Wednesday, August 10, 2016

Reading and Living by Konnie Enos

In recent weeks I’ve seen articles about how reading is good for your longevity. Then today I found a list of five suggested books to read this summer and noticed something. Two were plays, two had already been made into movies and the last one; it was about how the internet is making us dumb.
I have in fact heard on several occasions the idea that in the age of instant everything, including answers, we’re becoming dumber. People want instant answers, knowledge, information, satisfaction. It’s becoming an epidemic of a total lack of patience.
Why wait to learn reading, writing, math, when the answers are right at your fingertips on the internet. Why bother to even retain any facts because you can just look it up again online.
When I was in school they at least attempted to teach us how to convert from our system of measuring to the metric system and back again. Who even remembers any of that? Just look up a conversion chart online.
My sister has a book with a perpetual calendar in it, but why bother looking things up in that. Just find the chart online. Let the computer algorithm find the date information you need in a matter of seconds.
Nowadays there is an app for just about everything, even finding trivia.
The problem with all this is it does make us dumber. We stop reading the books. We stop retaining information. We stop learning.
In Ally Condie’s “Matched” dystopia series she creates a world where people are so dependent on the information on the internet that they can’t even write. They don’t even know how to form letters. They don’t compose so much as a note without plagiarizing from what they find online. They literally just copy and paste words and phrases into the order they want to use. When the leading lady learns to actually write her own name, it’s a new thing to her.
You would think something like this was farfetched, but in this day and age, it really isn’t. We are really almost there.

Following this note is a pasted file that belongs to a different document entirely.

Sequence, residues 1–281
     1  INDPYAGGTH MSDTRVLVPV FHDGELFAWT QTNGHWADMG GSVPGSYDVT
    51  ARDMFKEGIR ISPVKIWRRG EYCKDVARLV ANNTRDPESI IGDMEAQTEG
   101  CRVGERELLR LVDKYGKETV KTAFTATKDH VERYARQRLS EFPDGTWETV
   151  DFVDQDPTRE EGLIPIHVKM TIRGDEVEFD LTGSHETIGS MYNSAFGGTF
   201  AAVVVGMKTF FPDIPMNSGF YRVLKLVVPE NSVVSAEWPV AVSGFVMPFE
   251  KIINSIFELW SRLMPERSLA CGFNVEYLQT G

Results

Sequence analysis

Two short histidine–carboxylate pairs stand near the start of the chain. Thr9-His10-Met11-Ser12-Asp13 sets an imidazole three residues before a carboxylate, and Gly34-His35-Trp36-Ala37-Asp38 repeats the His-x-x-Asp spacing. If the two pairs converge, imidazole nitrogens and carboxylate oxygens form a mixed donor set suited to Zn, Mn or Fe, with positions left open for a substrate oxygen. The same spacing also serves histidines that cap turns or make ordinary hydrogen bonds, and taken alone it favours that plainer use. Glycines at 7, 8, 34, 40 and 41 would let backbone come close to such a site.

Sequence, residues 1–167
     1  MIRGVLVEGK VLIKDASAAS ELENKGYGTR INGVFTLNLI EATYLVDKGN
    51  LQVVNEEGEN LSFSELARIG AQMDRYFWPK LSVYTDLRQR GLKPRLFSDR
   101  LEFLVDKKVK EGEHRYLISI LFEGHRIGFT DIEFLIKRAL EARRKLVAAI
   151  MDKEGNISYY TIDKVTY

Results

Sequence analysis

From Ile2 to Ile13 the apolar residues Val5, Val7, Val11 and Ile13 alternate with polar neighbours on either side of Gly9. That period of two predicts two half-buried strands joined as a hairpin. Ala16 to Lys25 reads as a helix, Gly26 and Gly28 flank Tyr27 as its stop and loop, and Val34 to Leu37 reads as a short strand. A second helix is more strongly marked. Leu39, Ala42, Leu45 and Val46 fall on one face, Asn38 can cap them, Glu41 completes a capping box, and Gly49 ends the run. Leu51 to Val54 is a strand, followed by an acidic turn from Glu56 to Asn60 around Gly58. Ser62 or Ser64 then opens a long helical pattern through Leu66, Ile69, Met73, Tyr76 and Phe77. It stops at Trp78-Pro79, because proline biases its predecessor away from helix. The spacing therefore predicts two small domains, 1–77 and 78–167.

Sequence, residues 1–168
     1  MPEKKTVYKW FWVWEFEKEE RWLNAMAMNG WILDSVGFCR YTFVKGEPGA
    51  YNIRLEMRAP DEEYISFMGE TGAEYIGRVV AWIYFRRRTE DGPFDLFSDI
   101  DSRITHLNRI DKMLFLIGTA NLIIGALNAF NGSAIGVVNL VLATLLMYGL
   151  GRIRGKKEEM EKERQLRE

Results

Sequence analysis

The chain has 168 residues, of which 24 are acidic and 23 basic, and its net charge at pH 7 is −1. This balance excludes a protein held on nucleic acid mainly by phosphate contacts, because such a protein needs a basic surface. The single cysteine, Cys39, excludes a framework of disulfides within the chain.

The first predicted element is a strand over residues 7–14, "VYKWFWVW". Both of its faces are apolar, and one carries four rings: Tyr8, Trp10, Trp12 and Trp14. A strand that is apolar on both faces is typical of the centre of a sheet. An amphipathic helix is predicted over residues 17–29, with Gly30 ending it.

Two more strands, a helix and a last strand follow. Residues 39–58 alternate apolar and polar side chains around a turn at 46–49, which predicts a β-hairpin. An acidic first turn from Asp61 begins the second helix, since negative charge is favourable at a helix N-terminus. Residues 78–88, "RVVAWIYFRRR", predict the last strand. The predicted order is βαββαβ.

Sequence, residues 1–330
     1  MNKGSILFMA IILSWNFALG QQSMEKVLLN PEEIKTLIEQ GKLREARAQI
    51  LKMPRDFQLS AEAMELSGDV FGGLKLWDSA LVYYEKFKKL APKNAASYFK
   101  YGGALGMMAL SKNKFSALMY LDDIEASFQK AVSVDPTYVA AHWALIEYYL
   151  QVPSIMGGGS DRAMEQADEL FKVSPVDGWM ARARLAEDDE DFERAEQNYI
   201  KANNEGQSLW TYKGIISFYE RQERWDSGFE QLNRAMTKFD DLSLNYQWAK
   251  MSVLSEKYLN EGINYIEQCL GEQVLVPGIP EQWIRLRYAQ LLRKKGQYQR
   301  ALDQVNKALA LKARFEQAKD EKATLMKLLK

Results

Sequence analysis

Today’s kids have little time for patience.
They don’t understand waiting for anything, least of all information.
They’ve never had to wait for the slow churn of an ice cream machine to enjoy that cool confection.
They’ve never had to entertain themselves for an entire long, hot summer day with nothing but a park, and maybe a swimming pool, or a bike.
They’ve never had to get themselves across town without a parent to drive them, so it was either hoof it or bike it. No matter how long it took.
This Pok√©mon Go craze was intended to get people out and walking around, but there is apparently ways to get around that. My boys are playing it. My son has figured out how to convince the app he’s gone places like France, Britain, Brazil and Seattle. All yesterday, while sitting in his bed on his computer.
Kids want instant gratification without the effort to earn it.
Personally, I hope that being a reader thing includes reading WIP’s, because I don’t get a lot of time to actually read books nowadays between writing and you know, that busy mom thing I do every day.
I think we need to do better teaching that patience is a virtue and anything worth having is worth working for.
Maybe we need to turn off the tech more. (I say as I type on my computer with five internet tabs open.)
Smile. Make the day a brighter day.


2 comments:

  1. Hi Konnie! :)
    Today in the UK is being marked as "Read to Your Children" day. I won't get the chance to do this, as my 'child' is soon 24 and is the Lead Singer of the latest (all-girl) rock band to come out of Liverpool! She agrees with me, however: only this morning she begged me to keep an eye out for ANY bookcases going 'reasonably cheap' as the needs a home for several stacks of "real" books piled in various corners of her house!

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  2. Yes, bookcase space is in high demand at my house too. Alas for me, I can't afford to add to my bookcase or my books, at least not as much as i'd like too.

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